“Working in a person’s archived papers is always an intensely intimate experience, but in Millett’s case the resonances are amplified by the emotional reactions she left scrawled across her papers. ‘Ridiculous!’ she pronounced in a scrawling red hand, across a tedious letter regarding a speaking engagement. ‘That awful Barnard thing goes on’ she sniffed in response to a request to publish her presentation from the Scholar and the Feminist Conference IX: Towards a Politics of Sexuality. Interspersed are flashes of Millett’s intellectual process, dashed off notes for one of her many lectures proclaims ‘We now have to dare everything… Writing our lives… Break every taboo.’  Long handwritten letters attest to her poignant longing to create an artistic community at The Farm, an art colony she created, the economic struggles all too familiar to female artists and writers who did not become academics, and her engagement with deeply difficult material including sexual abuse and torture.”

Born in 1934 in St. Paul, Minnesota, Kate Millett was an internationally acclaimed artist, writer, and activist. A founding member of the Noho Gallery in New York City, Millet created the Women’s Art Colony Farm in Poughkeepsie, NY in 1978, and had shown her work internationally since 1963. She was known for her sculpture and installation works in addition to pen and ink drawings both abstract and figurative. Millet’s Columbia University Ph.D. dissertation, Sexual Politics (1970), placed her at the forefront of the women’s movement. Her other political works include The Prostitution Papers (1973), The Basement (1979), Going to Iran (1979) and The Politics of Cruelty: An Essay on the Literature of Political Imprisonment (1994). Millett also wrote a series of memoirs that combine deeply felt personal revelation with trenchant political analysis. These include Flying (1974) about her early years, Sita (1977) and Elegy for Sita (1979) the story of a tragic romantic relationship, The Loony Bin Trip (1990) Millett’s exposé of the mental health system, A.D., A Memoir (1995) in which she reflects on her early life, and Mother Millett (2002) a meditation on her upbringing in middle America and her experience as an activist and then outcast from the movements she helped to form and lead.

In these books Millett gave her readers the analytical tools and inspiration for making a revolution. Her words, such as these from Sexual Politics, will continue to resonate, “For to actually change the quality of life is to transform personality, and this cannot be done without freeing humanity from the tyranny of sexual-social category and conformity to sexual stereotype—as well as abolishing racial caste and economic class.”

Pen and ink drawing, ca. 1978. Kate Millett Papers

Many moving tributes have been published in newspapers, on websites, and on social media such as this one by Gloria Steinem on Facebook: “As Andrea Dworkin said, ‘The world was asleep, but Kate Millett woke it up.’ Sexual Politics—and all Kate’s work—will keep us Woke.” The impact of Kate Millett’s life and work cannot be overstated.

Tales of Provenance: Una Vincenzo Revealed in Three Inscriptions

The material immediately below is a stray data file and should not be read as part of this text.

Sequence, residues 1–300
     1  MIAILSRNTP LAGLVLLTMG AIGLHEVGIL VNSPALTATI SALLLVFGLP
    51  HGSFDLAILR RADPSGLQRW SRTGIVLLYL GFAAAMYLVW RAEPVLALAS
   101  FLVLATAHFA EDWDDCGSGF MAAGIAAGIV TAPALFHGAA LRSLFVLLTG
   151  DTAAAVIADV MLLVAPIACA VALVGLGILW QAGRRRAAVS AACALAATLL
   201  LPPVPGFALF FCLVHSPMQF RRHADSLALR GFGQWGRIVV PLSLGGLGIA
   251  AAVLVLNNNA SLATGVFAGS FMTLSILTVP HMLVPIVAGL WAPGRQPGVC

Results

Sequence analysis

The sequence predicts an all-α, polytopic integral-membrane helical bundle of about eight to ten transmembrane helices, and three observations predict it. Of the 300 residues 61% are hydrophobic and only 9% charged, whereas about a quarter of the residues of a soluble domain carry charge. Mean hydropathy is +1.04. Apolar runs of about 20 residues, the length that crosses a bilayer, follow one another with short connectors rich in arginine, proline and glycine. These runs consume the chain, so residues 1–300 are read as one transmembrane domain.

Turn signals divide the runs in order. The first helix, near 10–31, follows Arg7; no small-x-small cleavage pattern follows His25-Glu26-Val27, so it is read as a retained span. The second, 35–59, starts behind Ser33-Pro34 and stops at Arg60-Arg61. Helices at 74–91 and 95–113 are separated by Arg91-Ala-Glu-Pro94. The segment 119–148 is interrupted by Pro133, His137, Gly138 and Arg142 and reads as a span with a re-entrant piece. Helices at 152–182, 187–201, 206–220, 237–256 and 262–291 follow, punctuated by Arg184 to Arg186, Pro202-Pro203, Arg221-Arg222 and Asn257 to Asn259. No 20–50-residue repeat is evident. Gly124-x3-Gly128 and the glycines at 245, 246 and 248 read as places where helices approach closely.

Post contributed by Liz Adams, Special Collections Cataloger

Cover of Knight Asrael: and Other Stories, written by Una Ashworth Taylor and newly cataloged as part of the Lisa Unger Baskin collection.

When I open books, one of my favorite things to do is look for small signs of its previous owners, its provenance: Was the book a gift, with a thoughtful note to the recipient? Did the owner write her name, big and bold, on a flyleaf? Sometimes there are so many signs that a separate story, that of the owner, begins to emerge. This was the case with Una Vincenzo, Lady Troubridge and her copy of Knight Asrael: and Other Stories, written by her aunt Una Ashworth Taylor.

Inscription by author Una Ashworth Taylor.

Una Vincenzo, Lady Troubridge was born in 1887 to a family steeped in literary culture. Not only did her aunt Una write Knight Asrael, but her other aunt Ida wrote several novels, contributed regularly to 19th century magazines, and published biographies on Lady Jane Gray, Queen Hortense, and Madame Roland (Palumbo-De Simone, 2004). Her grandfather, Sir Henry Taylor,  was a well-known dramatist and poet (Reger, 2004). This literary heritage is felt early on in Una Vincenzo’s copy of Knight Asrael. Una Ashworth Taylor wrote a deeply personal inscription to her nieces, one explicitly connecting baby Una and her older sister Violet to literature, to the power of reading:  “Here are your stories, Violet, for you to listen to now, to read to yourself soon, & to tell to baby when she is old enough to hear them. September-1889.”

Although it’s unclear if Violet read the chivalric stories in Knight Asrael, Una seems to have, or at the very least, she enjoyed its opening pages. On the front pages of Knight Asrael, there are exuberant blue drawings, signed by their artist: U.T.

Drawings in the opening pages of Knight Asrael.

While these drawings might be some of the earliest known Una Vincenzo works, they are not the last: Una trained at the Royal College of Art, ultimately focusing on sculptural works (Ormrod, 1984, p. 29). A bust of the famed Russian ballet dancer Vaslav Nijinsky cast by Una now lives at the  Victoria and Albert Museum

Drawings in the opening pages of Knight Asrael.

Una Vincenzo left one more sign in Knight Asrael, an inscription of her own on the title page: “Radclyffe-Hall & Troubridge, Chip Chase, Hadley Wood, Herts.”